EENY Milkweed Assassin Bug Suggested Common Name Zelus longipes Linnaeus Insecta Hemiptera Reduviidae Megha Kalsi and Dakshina R - PDF document

EENY Milkweed Assassin Bug Suggested Common Name Zelus longipes Linnaeus Insecta Hemiptera Reduviidae Megha Kalsi and Dakshina R
EENY Milkweed Assassin Bug Suggested Common Name Zelus longipes Linnaeus Insecta Hemiptera Reduviidae Megha Kalsi and Dakshina R

EENY Milkweed Assassin Bug Suggested Common Name Zelus longipes Linnaeus Insecta Hemiptera Reduviidae Megha Kalsi and Dakshina R - Description


Seal 1 This document is EENY489 one of a series of the Entomology and Nematology Department UFIFAS Extension Original publication date February 2011 Reviewed July 2014 Visit the EDIS website at httpedisifasu57375edu 2 Megha Kalsi and Dakshina R Seal ID: 36658 Download Pdf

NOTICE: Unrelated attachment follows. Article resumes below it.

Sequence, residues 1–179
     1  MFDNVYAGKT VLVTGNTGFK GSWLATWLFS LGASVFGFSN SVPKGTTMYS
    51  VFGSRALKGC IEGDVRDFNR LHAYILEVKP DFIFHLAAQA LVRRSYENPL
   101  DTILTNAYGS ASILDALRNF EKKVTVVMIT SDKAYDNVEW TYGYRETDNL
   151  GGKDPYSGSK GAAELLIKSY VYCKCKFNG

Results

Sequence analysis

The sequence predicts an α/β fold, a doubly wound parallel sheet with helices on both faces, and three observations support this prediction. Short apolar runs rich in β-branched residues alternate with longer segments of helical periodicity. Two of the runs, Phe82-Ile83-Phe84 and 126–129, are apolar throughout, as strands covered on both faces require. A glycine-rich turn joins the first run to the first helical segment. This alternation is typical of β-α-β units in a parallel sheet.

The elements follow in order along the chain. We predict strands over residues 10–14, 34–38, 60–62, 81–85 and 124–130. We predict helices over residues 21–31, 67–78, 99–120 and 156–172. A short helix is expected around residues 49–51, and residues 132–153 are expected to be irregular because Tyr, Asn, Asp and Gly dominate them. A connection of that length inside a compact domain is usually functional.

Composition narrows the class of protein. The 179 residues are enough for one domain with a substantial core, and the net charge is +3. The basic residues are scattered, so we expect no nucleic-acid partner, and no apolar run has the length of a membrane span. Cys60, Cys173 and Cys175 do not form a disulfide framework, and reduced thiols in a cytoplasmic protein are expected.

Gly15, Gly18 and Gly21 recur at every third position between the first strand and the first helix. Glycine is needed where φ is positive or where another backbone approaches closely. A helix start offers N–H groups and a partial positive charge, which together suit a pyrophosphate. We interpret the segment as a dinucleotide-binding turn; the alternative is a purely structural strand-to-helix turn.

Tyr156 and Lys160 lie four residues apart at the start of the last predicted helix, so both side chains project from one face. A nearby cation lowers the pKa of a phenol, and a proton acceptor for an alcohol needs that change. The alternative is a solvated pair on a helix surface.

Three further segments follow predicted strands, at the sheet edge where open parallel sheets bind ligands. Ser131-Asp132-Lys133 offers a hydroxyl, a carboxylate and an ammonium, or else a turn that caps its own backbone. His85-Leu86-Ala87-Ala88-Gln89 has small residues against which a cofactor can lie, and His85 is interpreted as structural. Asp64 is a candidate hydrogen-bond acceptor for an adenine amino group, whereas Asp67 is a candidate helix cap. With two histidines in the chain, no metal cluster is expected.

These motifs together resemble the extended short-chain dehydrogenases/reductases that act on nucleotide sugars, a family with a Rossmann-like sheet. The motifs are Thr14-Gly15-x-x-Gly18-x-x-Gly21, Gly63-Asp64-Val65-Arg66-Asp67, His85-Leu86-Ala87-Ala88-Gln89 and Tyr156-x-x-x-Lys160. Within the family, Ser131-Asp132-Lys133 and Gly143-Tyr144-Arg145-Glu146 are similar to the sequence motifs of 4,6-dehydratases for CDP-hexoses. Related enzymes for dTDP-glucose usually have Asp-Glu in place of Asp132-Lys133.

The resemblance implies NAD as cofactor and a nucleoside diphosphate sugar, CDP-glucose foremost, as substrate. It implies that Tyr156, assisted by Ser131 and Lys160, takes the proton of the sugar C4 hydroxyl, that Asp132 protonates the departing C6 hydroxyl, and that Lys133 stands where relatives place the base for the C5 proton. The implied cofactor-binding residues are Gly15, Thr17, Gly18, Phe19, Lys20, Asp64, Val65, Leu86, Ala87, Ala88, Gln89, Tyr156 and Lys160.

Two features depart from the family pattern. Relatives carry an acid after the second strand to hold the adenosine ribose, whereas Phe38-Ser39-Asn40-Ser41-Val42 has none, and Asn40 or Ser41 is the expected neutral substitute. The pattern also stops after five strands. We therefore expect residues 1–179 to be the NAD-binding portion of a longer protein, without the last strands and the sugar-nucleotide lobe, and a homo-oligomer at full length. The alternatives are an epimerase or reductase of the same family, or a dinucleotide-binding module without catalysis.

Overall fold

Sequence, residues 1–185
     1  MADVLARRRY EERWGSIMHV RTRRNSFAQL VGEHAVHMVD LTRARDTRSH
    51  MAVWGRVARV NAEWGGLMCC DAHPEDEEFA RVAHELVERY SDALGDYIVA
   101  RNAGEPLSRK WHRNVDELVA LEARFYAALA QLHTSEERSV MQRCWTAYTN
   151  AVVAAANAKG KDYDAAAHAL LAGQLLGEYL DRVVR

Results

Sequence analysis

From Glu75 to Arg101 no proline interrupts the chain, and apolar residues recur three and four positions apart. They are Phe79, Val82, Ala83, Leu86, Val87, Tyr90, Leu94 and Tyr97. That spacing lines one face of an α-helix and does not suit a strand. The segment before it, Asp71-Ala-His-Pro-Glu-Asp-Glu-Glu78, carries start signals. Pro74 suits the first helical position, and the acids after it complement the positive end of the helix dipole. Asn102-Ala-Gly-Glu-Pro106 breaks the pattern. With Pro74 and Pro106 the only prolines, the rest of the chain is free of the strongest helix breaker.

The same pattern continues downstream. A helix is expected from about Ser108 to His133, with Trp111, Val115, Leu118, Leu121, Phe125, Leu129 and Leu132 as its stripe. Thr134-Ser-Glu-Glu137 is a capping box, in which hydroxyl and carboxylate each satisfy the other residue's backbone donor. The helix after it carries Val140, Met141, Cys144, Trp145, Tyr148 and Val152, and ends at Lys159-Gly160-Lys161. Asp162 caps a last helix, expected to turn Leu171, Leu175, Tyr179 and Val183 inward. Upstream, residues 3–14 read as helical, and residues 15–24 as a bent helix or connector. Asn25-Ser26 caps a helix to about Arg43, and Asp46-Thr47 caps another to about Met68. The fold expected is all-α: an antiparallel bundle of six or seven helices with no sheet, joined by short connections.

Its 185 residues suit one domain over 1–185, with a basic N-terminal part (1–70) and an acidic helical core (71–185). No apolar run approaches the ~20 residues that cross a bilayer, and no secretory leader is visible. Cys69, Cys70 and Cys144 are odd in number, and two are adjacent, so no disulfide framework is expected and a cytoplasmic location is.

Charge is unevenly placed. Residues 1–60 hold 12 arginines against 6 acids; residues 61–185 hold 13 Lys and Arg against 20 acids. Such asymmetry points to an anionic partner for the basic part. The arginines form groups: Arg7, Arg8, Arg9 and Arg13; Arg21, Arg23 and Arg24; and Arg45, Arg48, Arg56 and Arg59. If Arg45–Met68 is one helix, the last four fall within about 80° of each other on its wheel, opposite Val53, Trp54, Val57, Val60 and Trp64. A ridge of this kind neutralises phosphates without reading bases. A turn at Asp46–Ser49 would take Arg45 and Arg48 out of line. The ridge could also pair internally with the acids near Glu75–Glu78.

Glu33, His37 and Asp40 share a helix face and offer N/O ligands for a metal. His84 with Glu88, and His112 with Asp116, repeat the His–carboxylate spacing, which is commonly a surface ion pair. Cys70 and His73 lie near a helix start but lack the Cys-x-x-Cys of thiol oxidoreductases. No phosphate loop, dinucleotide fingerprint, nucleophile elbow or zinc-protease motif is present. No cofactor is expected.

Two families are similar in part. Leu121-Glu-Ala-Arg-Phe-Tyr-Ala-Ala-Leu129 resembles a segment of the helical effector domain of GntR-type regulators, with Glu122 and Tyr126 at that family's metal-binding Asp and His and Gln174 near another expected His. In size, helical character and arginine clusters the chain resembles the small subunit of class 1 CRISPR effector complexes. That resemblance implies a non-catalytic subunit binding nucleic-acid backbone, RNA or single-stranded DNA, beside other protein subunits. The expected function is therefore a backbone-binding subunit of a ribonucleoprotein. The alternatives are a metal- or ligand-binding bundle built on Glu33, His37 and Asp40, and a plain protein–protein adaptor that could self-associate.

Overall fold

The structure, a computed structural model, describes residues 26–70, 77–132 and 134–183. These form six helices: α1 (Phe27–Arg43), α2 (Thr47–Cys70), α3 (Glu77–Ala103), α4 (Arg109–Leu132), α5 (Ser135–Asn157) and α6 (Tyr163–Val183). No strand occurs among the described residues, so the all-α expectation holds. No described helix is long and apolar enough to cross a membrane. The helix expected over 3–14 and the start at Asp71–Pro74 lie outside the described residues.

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EENY489 Milkweed Assassin Bug (Suggested Common Name) Zelus longipes Linnaeus (Insecta: Hemiptera: Reduviidae) 1 Megha Kalsi and Dakshina R. Seal 2 1. This document is EENY489, one of a series of the Department of Entomology and Nematology, UF/IFAS Extension. Original publication date February 2011. Reviewed August 2018. Visit the EDIS website at http://edis.ifas.u.edu . This document is also available on the Featured Creatures website at http://entnemdept.ifas.u.edu/creatures/ . 2. Megha Kalsi; and Dakshina R. Seal, Department of Entomology and Nematology, UF/IFAS Tropical Research and Education Center, Homestead, FL 33031. individuals and institutions that function with non-discrimination with respect to race, creed, color, religion, age, disability, sex, sexual orientation, marital status, national origin, political opinions or aliations. For more information on obtaining other UF/IFAS Extension publications, contact your county’s UF/IFAS Extension oce. U.S. Department of Agriculture, UF/IFAS Extension Service, University of Florida, IFAS, Florida A & M University Cooperative Extension Program, and Boards of County Commissioners Cooperating. Nick T. Place, dean for UF/IFAS Extension. as it closely resembles the milkweed bug, (Dallas). It is also known as the ‘longlegged assassin bug’ and the ‘Zelus assassin bug’ (Bug Guide). Members of the genus belong to the subfamily Harpactorinae and are diurnal in nature. ey are generalist predators feeding on a wide range of so-bodied prey in garden and elds such as mosquitoes, armyworm, rootworm etc.). Introduction Zelus longipes Linnaeus is commonly called the ‘milkweed assassin bug,’ as it closely resembles the milkweed bug, Oncopeltus fasciatus ‘longlegged assassin bug’ and the ‘Zelus assassin bug’ (Bug Guide). Members of the genus Zelus belong to the subfam - ily Harpactorinae and are diurnal in nature. ey are generalist predators feeding on a wide range of so-bodied prey in garden and elds such as mosquitoes, ies, earth worms, cucumber beetles and caterpillars (fall armyworm, rootworm etc.). Distribution Zelus longipes is widely distributed in southern North America (Gulf Coast and South Atlantic states; southern California and southwestern Arizona in United States), central Argentina, and the West Indies (Hart 1986; Melo 2005; Wolf & Reid 2001; Cogni et al. 2000). Figure 1. Adult milkweed assassin bug, Zelus longipes Linnaeus, showing its long legs and beak (stylet), sitting on a sweet corn tassel. Credits: Megha Kalsi, University of Florida 2 Milkweed Assassin Bug (Suggested Common Name) Zelus longipes Linnaeus (Insecta: Hemiptera: Reduviidae) Description and Life Cycle is species exhibits great variation in size and color, which resulted in confusion in correct species identication in the past. e greatest color variation is observed in West Indies populations where individuals may be orange-brown, brownish-black and even entirely black (Hart 1986). e United States populations are distinctively orange and black in color. Adults and nymphs have a pear-shaped head, constricted neck and long hairy legs. eir piercing and sucking mouthparts have a three-segmented beak which, when at rest, is bent and held under the thorax in a groove. Adults Males are smaller than females. In California and Arizona populations, males averaged 16.1 mm and females 18.4 mm in length, while in Gulf Coast populations, males and females averaged 16.8 mm and 18.2 mm, respectively. In females, the terminal abdominal segment is platelike or attened, while in males it is cuplike or rounded (Hart 1986). Adults are known to overwinter. Adult Zelus longipes can be dierentiated from other Zelus species based on the following morphological characteristics: • In the pronotum, humeral angles are unarmed and rounded, • Dorsal surface of insect ranges from brownish-red to brownish-black in color, • Parameres (or lateral lobes of male genital organ) are cylindrical and long, surpassing 1/4 the length of median lobes. Eggs e eggs are cylindrical and elongate in shape, non- ornamented, brown in color, with a light brown, cap-like structure (called the operculum) which has a central pore with a funnel-shaped opening. e egg can be divided into two parts: the operculum (which is attached to the anterior pole of the egg) and main eggshell or chorion (Wolf and Reid 2000). Each egg measures 2.0–2.3 mm in overall length while the appendage is 0.5 mm long (known to be longest among all bugs). e rest of the main eggshell measures 1.5 mm in length. e main eggshell is widest at the posterior pole (0.53 mm) and narrows near the anterior pole (0.32 mm). e anterior pole is at and is attached to the anterior appendage at a distinct waist-shaped junction. Viewed sideways, the eggshell appears to be laterally at - tened with a slight curvature inwards (Wolf and Reid 2000). Figure 2. Adult female milkweed assassin bug, Linnaeus, sitting on a sweet corn tassel. Credits: Megha Kalsi, University of Florida Figure 3. Adults milkweed assassin bugs, Linnaeus, mating in sweet corn eld. Credits: Megha Kalsi, University of Florida Figure 4. Eggs of the milkweed assassin bug, Zelus longipes Linnaeus, showing the central pore (a) in the operculum of one egg, and the mucilaginous layer (b) surrounding the main eggshells but not the opercula. Credits: Megha Kalsi, University of Florida 3 Milkweed Assassin Bug (Suggested Common Name) Zelus longipes Linnaeus (Insecta: Hemiptera: Reduviidae) e main eggshell has a smooth surface. e anterior ap - pendage exhibits a highly diversied architecture internally when viewed under SEM (Scanning electronic microscope). e cylindrical outer layer of the anterior appendage is called a veil, which is continuous with the main eggshell and roughly equal in diameter. e veil folds inwards at the anterior pole forming a double layer and within this are many honeycomb-like structures. e function of the veil is to regulate humidity for the developing embryo. Partially removing the veil exposes a topographical arrangement of the important components of the anterior appendage which are micropyles (present at the base of veil) and operculum. e micropyles help in gaseous exchange while the operculum is a plate-like structure attached to the anterior part of egg that is lied during hatching. Eggs are laid in a cluster of 15 or more, cemented at the base and covered with viscous material (except for the anterior appendage as its function is to protect the aeropyles from clogging) (Wolf and Reid 2000). Nymphs Zelus longipes passes through ve nymphal instars before developing into adults. FIRST INSTAR e body is elongated with a dierentiated neck and is light brown in color, measuring 2.61 mm in length. e head is pyriform in shape, measuring 0.80 mm in length and 0.50 mm wide with sparse setae. e prominent reddish-brown eyes are 0.22 mm wide (ocelli are absent). e antennae are liform, setose and 3.98 mm long. e legs are dark brown in color, except for the coxa which is light brown. e abdomen is dark brown to orange in color, and appears round in form with a few setae on the last segments. is stage lacks wing pads (Melo et al. 2005). SECOND INSTAR e body now is more elongated measuring 4.26 mm in length with pale brown color and orange tinge (Melo et al. 2005). e head is also more elongated, 1.08 mm long and 0.67 mm wide, compared to the previous instar. e legs are black with lightly colored coxa. And the abdomen is rounded and setose with faintly visible sweat glands. Wing Figure 5. Lateral view of eggs of the milkweed assassin bug, Linnaeus, showing the operculum (a), the main eggshell (b), the waist-like junction (c), and the egg attened at one side with a slight curve inwards (d). Credits: Megha Kalsi, University of Florida Figure 6. An egg mass of the milkweed assassin bug, Linnaeus, surrounded by a mucilaginous layer and laid on the lower surface of a sweet corn leaf. Notice that the egg opercula are not covered. Credits: Megha Kalsi, University of Florida Figure 7. An adult female milkweed assassin bug, Linnaeus, ovipositing eggs in a cage. Credits: Megha Kalsi, University of Florida 4 Milkweed Assassin Bug (Suggested Common Name) Zelus longipes Linnaeus (Insecta: Hemiptera: Reduviidae) pads are now present, and are dark brown to black in color and 0.35 mm long. Figure 8. First instar nymphs of the milkweed assassin bug, Zelus longipes Linnaeus, hatching out of the eggs and slowly extending their legs. Credits: Megha Kalsi, University of Florida Figure 9. First instar nymph of the milkweed assassin bug, Zelus longipes Linnaeus, showing dorsal view (left and center) and ventral view (right). Credits: Megha Kalsi, University of Florida Figure 10. A mass of rst instar nymphs of the milkweed assassin bug, Zelus longipes Linnaeus, hatching out of eggs laid on a sweet corn leaf. Credits: Megha Kalsi, University of Florida Figure 11. First instar nymph of the milkweed assassin bug, Zelus longipes Linnaeus, feeding on a nymph of the minute pirate bug, Orius insidiosus (Say). Credits: Megha Kalsi, University of Florida Figure 12. Anterior view of a second instar nymph (a) and the exuvia (b) of the milkweed assassin bug, Zelus longipes Linnaeus. Credits: Megha Kalsi, University of Florida 5 Milkweed Assassin Bug (Suggested Common Name) Zelus longipes Linnaeus (Insecta: Hemiptera: Reduviidae) THIRD INSTAR e body is elongated and 5.73 mm long ( Melo et al. 2005). e head is 1.56 mm long and 0.78 mm wide. It is uniformly orange with setae. e antennae are 7.5 mm long, with color and banding similar to the previous instar. Legs and wing pad color are same as the previous instar. e length of the wing pad now averages 0.84 mm. e abdomen is rounded, with setae and visible scent gland openings. FOURTH INSTAR e total body length is 7.14 mm (Melo et al. 2005). e head width and length is 0.97 mm and 2.05 mm, respec - tively. Antennal length is now 10.23 mm,while the antennae are black and have two distal pale bands (light brown) on the rst segment. e second and third antennal segments are setose. Legs are black with three pale bands, one on the forefemur and two on the median and hind femora. e wing pads are black, setose and 1.37 mm in length. e abdomen is more elongated and setose as compare to previous instars, and measures 2.67 mm in length and 0.65 mm in width. e posterior portion is yellow in color with prominent black dorsal spots present on the VI and VII sternites. FIFTH INSTAR e orange body is elongated, measuring 11.29 mm (Melo et al. 2005). Head length and width is 2.77 mm and 1.26 mm, respectively. Eyes are conspicuously black. Antennae, measuring 14.56 mm in length, are similar to previous instars in regard to color, band patterns and setae. e second segment of the antenna has ve trichobothria (elongated, non-tapered setae) while the remaining three segments have abundant setae. e wing pads are 3.54 mm in length, setaceous and black. e abdomen is orange, setaceous and is 4.97 mm long and 1.77 mm wide. Lateral edges of the abdomen show thin whitish-yellow stripes. Economic Importance While a generalist predator, Z. longipes is also important as a predator of important economic pests such as the fall armyworm , Spodoptera frugiperda (Cogni et al. 2000), the Asian citrus psyllid , Diaphorina citri (Hall 2008), and the genista broom moth, Uresiphita reversalis Guenée (Carrel 2001). While not a threat to humans, if not handled properly, a Z. longipes ‘bite’ can cause a burning sensation with swelling that may last for several days. Feeding Behavior e strategy Z. longipes uses to catch its prey is known as the “sticky trap strategy.” Like many ambush bugs, Z. lon - gipes attacks prey aer hiding inside foliage with its forelegs raised in the air. e forelegs of Z. longipes are covered with a viscous material which acts as a glue, trapping the prey. Zelus longipes then rapidly paralyzes its prey by inserting its stylets into the host body and and prepares to feed through extra-oral digestion. Extra-oral digestion is a mode of digestion where a predator releases enzymes into its prey Figure 13. Dorsal view of a third instar nymph and exuvia (insert) of the milkweed assassin bug, Zelus longipes Linnaeus. Credits: Megha Kalsi, University of Florida Figure 14. Lateral view of a third instar nymph of the milkweed assassin bug, Zelus longipes Linnaeus. Head is to the right and the stylet (pointing to the rear in the resting position) is visible under the head. Credits: Megha Kalsi, University of Florida 6 Milkweed Assassin Bug (Suggested Common Name) Zelus longipes Linnaeus (Insecta: Hemiptera: Reduviidae) to dissolve the host’s tissue, and later sucks up the dissolved liquid using its stylet as a straw (Wolf and Reid 2001). Zelus longipes can feed on prey that may be up to six times their own size. But with increasing prey size the handling and feeding time for Z. longipes also increases, allowing them to become vulnerable to other predators (Cogni et al. 2000). Figure 15. Adult milkweed assassin bugs, Zelus longipes Linnaeus, showing hiding or ambush behavior. Credits: Megha Kalsi, University of Florida Figure 16. Adult milkweed assassin bug, Zelus longipes Linnaeus, lying in ambush (in the shadows upper left) with its forelegs raised just before attacking its prey, a cornsilk y, Euxesta stigmatias Loew, (lower right). Credits: Megha Kalsi, University of Florida Figure 17. Adult female milkweed assassin bug, Zelus longipes Linnaeus, paralyzing its prey, a cornsilk y, Euxesta stigmatias Loew, by inserting stylets. Credits: Megha Kalsi, University of Florida Figure 18. Adult female milkweed assassin bug, Zelus longipes Linnaeus, feeding on a cornsilk y, Euxesta stigmatias Loew. Credits: Megha Kalsi, University of Florida Figure 19. Nymph of the milkweed assassin bug, Zelus longipes Linnaeus, feeding on Euxesta annonae Fabricius, a picture-winged y. Credits: Megha Kalsi, University of Florida 7 Milkweed Assassin Bug (Suggested Common Name) Zelus longipes Linnaeus (Insecta: Hemiptera: Reduviidae) Selected References BugGuide. (October 2009). Species Zelus longipes - Milk - weed Assassin Bug. BugGuide.net . http://bugguide.net/ node/view/4832 (August 2018). Carrel JE. 2001. “Response of predaceous arthropods to chemically defended larvae of the pyralid moth Uresiphita reversalis (Guenée) (Lepidoptera: Pyralidae).” Journal of the Kansas Entomological Society 74: 128–135. Cogni R, Freitas AVL, Filho FA. 2000. “Inuence of prey size on predation success by Zelus longipes L. (Het., Reduvi - idae).” Journal of Applied Entomology 126: 74–78. Hall DG. (2008). Biological control of Diaphorina citri . Concitver . http://www.concitver.com/huanglongbingYP - silidoAsiatico/Memor%C3%ADa-8%20Hall.pdf (August 2018). Hart ER. 1986. “Genus Zelus Fabricius in the United States, Canada, and Northern Mexico (Hemiptera: Reduviidae).” Annals of the Entomological Society of America 79: 535–548. Melo MC, Coscaron MC, Filho BA. 2005. “Immature stages of Zelus longipes (Heteroptera: Reduviidae, Harpactorinae).” Transactions of the American Entomological Society 31: 101–110. Ralston JS. 1977. “Egg guarding by male assassin bug of the genus Zelus (Hemiptera: Reduviidae).” Psyche 84: 103–107. Wolf KW, Reid W. 2000. “e architecture of the anterior appendage in the egg of the assassin bug, Zelus longipes (Hemiptera: Reduviidae).” Arthropod Structure and Devel - opment 29: 333–341. Wolf KW, Reid W. 2001. “Surface morphology of legs in the assassin bug Zelus longipes (Hemiptera: Reduviidae): A scanning electron microscopy study with an emphasis on hairs and pores.” Annals of the Entomological Society of America 94: 457–461.